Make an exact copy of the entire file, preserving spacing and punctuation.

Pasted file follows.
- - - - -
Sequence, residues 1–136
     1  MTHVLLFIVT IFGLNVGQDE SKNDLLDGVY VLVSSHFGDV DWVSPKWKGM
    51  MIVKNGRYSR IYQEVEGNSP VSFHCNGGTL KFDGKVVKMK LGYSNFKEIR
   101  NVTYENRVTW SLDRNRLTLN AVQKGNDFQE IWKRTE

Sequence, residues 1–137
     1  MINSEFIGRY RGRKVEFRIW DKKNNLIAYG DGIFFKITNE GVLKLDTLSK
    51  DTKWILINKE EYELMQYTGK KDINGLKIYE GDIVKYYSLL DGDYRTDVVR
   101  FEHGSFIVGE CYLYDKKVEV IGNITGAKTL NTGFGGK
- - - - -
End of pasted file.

Sequence, residues 1–136
     1  MTHVLLFIVT IFGLNVGQDE SKNDLLDGVY VLVSSHFGDV DWVSPKWKGM
    51  MIVKNGRYSR IYQEVEGNSP VSFHCNGGTL KFDGKVVKMK LGYSNFKEIR
   101  NVTYENRVTW SLDRNRLTLN AVQKGNDFQE IWKRTE

Sequence, residues 1–137
     1  MINSEFIGRY RGRKVEFRIW DKKNNLIAYG DGIFFKITNE GVLKLDTLSK
    51  DTKWILINKE EYELMQYTGK KDINGLKIYE GDIVKYYSLL DGDYRTDVVR
   101  FEHGSFIVGE CYLYDKKVEV IGNITGAKTL NTGFGGK